Luckily, I had lived in the military town of Comox for some time and was able to secure an On-The-Job (OJT) posting with the local SAR squadron. I got to spend about a year at home, with courses here and there, and then I was off to Portage la Prairie, MB for flight training. Like many military men who did not want to uproot their family, I went on Imposed Restrictions (IR). Thankfully, the military has this program even though it is expensive to run. This go around, I missed Grades 11 and 12 with my daughter and had to make a special trip to see her graduation. Unfortunately, for me and about 20 other wannabe pilots, a Standards Officer decided to fail us all from Helicopter training. I was five years (about 3.5 years spent away from my family) into the process and a couple months from my pilot wings and I was cut.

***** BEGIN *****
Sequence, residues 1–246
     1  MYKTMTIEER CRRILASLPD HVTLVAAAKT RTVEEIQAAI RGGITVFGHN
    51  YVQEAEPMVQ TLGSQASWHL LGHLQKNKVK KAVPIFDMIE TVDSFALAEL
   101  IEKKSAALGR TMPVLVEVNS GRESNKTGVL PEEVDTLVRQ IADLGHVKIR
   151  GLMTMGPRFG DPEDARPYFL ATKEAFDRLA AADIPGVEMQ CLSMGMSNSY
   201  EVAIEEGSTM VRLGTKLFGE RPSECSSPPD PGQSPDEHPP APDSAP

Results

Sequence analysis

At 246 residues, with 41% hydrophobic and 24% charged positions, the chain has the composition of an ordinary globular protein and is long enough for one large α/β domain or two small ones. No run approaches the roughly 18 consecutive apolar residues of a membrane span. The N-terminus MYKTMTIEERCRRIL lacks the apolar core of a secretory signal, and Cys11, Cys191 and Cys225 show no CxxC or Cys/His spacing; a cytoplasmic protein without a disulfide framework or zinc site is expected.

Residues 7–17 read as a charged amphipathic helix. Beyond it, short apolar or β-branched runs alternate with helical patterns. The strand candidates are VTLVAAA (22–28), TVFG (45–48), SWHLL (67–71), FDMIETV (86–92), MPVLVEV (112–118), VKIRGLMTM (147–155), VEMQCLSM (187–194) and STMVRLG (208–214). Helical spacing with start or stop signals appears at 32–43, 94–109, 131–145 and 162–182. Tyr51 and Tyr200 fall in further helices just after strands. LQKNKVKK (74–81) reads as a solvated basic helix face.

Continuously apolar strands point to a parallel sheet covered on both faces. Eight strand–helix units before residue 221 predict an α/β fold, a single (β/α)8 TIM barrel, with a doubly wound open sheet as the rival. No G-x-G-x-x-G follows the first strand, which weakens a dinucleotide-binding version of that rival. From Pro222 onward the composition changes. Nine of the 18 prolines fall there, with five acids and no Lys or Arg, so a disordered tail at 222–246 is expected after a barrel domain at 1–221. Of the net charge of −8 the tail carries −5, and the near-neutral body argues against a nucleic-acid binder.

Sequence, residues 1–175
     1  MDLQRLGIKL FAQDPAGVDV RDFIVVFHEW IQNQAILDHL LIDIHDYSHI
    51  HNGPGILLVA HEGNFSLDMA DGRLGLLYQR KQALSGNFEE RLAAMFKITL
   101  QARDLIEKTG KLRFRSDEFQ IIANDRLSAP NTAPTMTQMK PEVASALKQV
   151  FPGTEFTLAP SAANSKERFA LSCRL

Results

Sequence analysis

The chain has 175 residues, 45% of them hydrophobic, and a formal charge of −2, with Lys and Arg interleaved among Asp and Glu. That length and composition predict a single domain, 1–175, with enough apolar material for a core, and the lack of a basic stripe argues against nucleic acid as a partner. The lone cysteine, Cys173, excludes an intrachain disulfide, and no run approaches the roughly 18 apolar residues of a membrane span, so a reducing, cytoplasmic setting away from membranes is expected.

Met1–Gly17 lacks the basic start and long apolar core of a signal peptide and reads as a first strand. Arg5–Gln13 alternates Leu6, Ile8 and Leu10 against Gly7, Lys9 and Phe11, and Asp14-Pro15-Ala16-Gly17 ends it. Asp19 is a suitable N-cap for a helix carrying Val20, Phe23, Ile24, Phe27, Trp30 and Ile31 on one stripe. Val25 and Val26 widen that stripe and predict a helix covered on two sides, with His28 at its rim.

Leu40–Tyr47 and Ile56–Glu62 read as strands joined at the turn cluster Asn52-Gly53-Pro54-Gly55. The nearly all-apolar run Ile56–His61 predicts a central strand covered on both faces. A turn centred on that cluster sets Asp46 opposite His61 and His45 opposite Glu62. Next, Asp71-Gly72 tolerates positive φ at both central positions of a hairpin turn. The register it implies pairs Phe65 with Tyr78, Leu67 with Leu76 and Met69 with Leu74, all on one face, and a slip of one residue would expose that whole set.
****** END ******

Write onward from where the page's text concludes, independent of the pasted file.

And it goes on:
My life went to shambles at this point as my wife left and I was adrift for many months waiting to see if the military would keep me or release me. I kept my employment and headed to Esquimalt, BC for training as a Maritime Surface and Sub-Surface officer (MARS). The kids were in university in Saskatchewan and Ontario, so I was pretty much on my own to start another rigorous training regime this time at sea. Way back in 1991, soon after my son was born, I was asked if I wanted to go MARS instead of releasing from the military. I knew I would basically say goodbye to my young family for about five years, so I decided to turn down the offer and took my release. This time around, I had nothing to lose being on my own, so I went for it. Out of the next five years before finishing with MARS, I was gone from my home close to three years. Meanwhile, I had been posted against my wishes to Halifax and had lost two great girlfriends in the process.